I guess we could change to a more secure default. Just keep in mind that you can reconfigure your systems the way you want them, a default is something you must use.
Comment by Andreas (Evilandi666) - Thursday, 16 June 2011, 15:13 GMT
If you change it, I would prefer changing it to sha512 without any round paramter (it uses default 5000 rounds then), see here for more: https://wiki.archlinux.org/index.php/SHA_password_hashes
That should be fine and it is only a small change.
Comment by yvan da silva (dlzerocool) - Sunday, 31 July 2011, 07:09 GMT
@Thomas Bächler, agreed, everyone is free to change the configuration, but a lot of people will let this kind of stuff by default.
When we talk about security, default configurations should provide a good protection by default for the novice user. (Even if that user is not a novice in computer usage).
Nobody can think on everything, and that's why default configurations are there for.

IMHO, I do agree that this must be changed. MD5 can not be called secure, it has been proved many times.
Comment by Rémy Oudompheng (remyoudompheng) - Sunday, 31 July 2011, 07:19 GMT
I still don't understand what scenario you are trying to protect/secure against.
Comment by yvan da silva (dlzerocool) - Sunday, 31 July 2011, 07:44 GMT
In industry the problem is not if it is necessary or not. It must be secure.
People who loose their laptops for e.g. or have their laptops stolen. Even with a good password, MD5 is not secure.

Use case :
Let's admit that the user has an encrypted partition and so on. (working for his company, his company has done the necessary for that).
He likes Archlinux, all installed by the IT team, but the team didn't know that Archlinux only used MD5 (they simply forget to check that information).
Okay he got his computer stolen by X or Y interested in his computer and research.

How can you say that his computer is still safe (it will never be, we know that) when you still have an MD5 based log in process ?
I'm running Archlinux, and I've to run an antivirus. (I don't trust it personally, but that's the way the company where I work are protected. They have to be PCI and so they are) I had to change from MD5 to SHA and lot of other security "tricks&fixes".
It was simply mandatory.

In this case I won't think like I would for a home device. Professionals must have a device that they can trust.
Log in and log out must be secured operations. Even if it take 1sec more to do it.

After all Archlinux is a distribution like another one, if now the distribution will start to have dark spots (even if it's little spots) some people might just stop using / allowing it.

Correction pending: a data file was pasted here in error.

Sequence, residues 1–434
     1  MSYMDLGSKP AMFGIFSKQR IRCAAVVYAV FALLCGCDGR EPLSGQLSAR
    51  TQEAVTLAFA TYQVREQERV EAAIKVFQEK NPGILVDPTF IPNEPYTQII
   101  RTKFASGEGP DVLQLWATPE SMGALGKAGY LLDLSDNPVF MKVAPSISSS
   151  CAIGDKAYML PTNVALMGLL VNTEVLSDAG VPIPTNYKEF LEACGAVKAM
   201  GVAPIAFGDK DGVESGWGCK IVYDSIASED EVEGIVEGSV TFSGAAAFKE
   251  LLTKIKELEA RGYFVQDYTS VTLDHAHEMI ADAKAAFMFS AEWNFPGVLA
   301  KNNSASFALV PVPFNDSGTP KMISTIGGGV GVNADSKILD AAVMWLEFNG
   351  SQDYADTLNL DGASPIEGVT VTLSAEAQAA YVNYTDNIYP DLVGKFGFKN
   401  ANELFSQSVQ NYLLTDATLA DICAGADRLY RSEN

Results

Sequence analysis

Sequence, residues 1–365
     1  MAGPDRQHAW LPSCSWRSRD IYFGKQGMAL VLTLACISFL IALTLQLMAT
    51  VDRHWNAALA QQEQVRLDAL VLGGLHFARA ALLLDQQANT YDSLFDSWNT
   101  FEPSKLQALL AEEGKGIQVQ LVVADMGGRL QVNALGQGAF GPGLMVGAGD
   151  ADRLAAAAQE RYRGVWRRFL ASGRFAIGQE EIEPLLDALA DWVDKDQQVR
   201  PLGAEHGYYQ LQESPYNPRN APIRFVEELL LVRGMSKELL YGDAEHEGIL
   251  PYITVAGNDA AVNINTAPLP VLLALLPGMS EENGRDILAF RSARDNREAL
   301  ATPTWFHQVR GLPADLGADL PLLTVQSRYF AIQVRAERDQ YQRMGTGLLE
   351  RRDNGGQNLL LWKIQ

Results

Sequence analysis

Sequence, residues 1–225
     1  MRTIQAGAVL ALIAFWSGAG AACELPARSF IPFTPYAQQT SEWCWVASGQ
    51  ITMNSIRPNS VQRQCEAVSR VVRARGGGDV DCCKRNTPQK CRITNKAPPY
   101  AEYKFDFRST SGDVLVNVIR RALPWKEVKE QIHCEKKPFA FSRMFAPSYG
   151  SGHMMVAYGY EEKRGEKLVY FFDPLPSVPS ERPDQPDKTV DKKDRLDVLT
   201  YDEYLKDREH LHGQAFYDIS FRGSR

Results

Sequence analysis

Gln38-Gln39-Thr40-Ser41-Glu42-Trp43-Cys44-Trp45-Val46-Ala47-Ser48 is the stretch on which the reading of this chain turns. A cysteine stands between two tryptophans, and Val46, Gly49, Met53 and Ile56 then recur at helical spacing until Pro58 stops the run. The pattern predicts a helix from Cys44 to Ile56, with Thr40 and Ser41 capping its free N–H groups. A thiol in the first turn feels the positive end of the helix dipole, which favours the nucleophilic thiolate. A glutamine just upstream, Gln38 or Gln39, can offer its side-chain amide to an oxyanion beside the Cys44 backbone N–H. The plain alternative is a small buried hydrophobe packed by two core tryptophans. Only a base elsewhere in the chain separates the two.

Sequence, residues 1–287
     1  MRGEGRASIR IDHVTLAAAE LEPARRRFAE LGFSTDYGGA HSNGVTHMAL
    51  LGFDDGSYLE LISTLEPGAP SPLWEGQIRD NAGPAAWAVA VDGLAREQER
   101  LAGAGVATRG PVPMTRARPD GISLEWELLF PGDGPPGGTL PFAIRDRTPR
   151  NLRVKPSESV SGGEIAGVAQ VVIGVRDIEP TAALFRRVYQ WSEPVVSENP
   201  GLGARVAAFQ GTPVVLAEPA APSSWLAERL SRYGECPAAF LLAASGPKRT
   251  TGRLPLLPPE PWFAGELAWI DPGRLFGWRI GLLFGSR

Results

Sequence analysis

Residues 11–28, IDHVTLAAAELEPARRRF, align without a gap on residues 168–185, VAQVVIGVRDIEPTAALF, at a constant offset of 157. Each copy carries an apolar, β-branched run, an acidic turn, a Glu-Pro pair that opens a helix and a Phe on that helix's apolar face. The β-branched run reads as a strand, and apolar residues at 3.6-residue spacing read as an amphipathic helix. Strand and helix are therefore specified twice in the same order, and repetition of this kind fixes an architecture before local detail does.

In my case of use I bet I MD5 is enough, I'm quite sure that nothing will happen but I can't guarantee it.
The question is, should Archlinux change this behavior ?
IMHO, yes. And most comments here tend to think the same way.

Best regards.
Comment by Rémy Oudompheng (remyoudompheng) - Sunday, 31 July 2011, 08:04 GMT
A partition encrypted with a password which is *stored* on the disk (even in hashed form) does not look secure at all to me. In any case, I support switching to a SHA-based hash by default, and I do not support using a fancy multiple rounds scheme by default.
Comment by yvan da silva (dlzerocool) - Sunday, 31 July 2011, 08:06 GMT
@Rémy Oudompheng No it doesn't :)
Forgot to mention it, but I also don't support multiple rounds scheme by default.
Comment by Tomas Mudrunka (harvie) - Sunday, 31 July 2011, 21:53 GMT
2Rémy: well. encryption software is able to detect if the entered passphrase is correct or not. some of them are using hashes, some of them are using some header that is checked after being decrypted, etc... it has been proved secure for strong passwords so we need used hash algo to be equally strong to the used encryption.
Comment by Rémy Oudompheng (remyoudompheng) - Monday, 01 August 2011, 06:11 GMT
I strongly hope your encryption software does not use MD5 for its hashes. I still don't see how the hash algorithm used for /etc/shadow can be possibly relevant for encryption purposes. Even if the hash algorithm is weak, there is no possibility that it can be used to recover the exact password unless you chose it in the dictionary.
Encryption software has nothing to do with the present discussion.
Comment by Tomas Mudrunka (harvie) - Monday, 01 August 2011, 11:08 GMT
2Rémy: No it's not using MD5 and that is why i do not want to store the same password using MD5 in /etc/shadow. It's not so sure if you are using passwords made from ASCII characters (:-) and used password is shorter than MD5 sum string.

I am using same password for encryption and for loging-in and i still believe that it's strong enough to not be cracked when i don't use MD5 in /etc/shadow
Comment by Tobias Powalowski (tpowa) - Sunday, 07 August 2011, 09:53 GMT
This is not a pam issue, but shadow corrected the title.
Comment by Dave Reisner (falconindy) - Saturday, 26 November 2011, 05:51 GMT
I've set the default hash to sha512 and left the number of rounds at the default of 5000. The wiki page is awfully misleading -- login.defs never needs to be touched as ENCRYPT_METHOD is only read when login is not linked against PAM (something every distro does).
Comment by Matthias Dienstbier (fs4000) - Monday, 28 November 2011, 11:38 GMT
in file chpasswd: 512 instead of sha512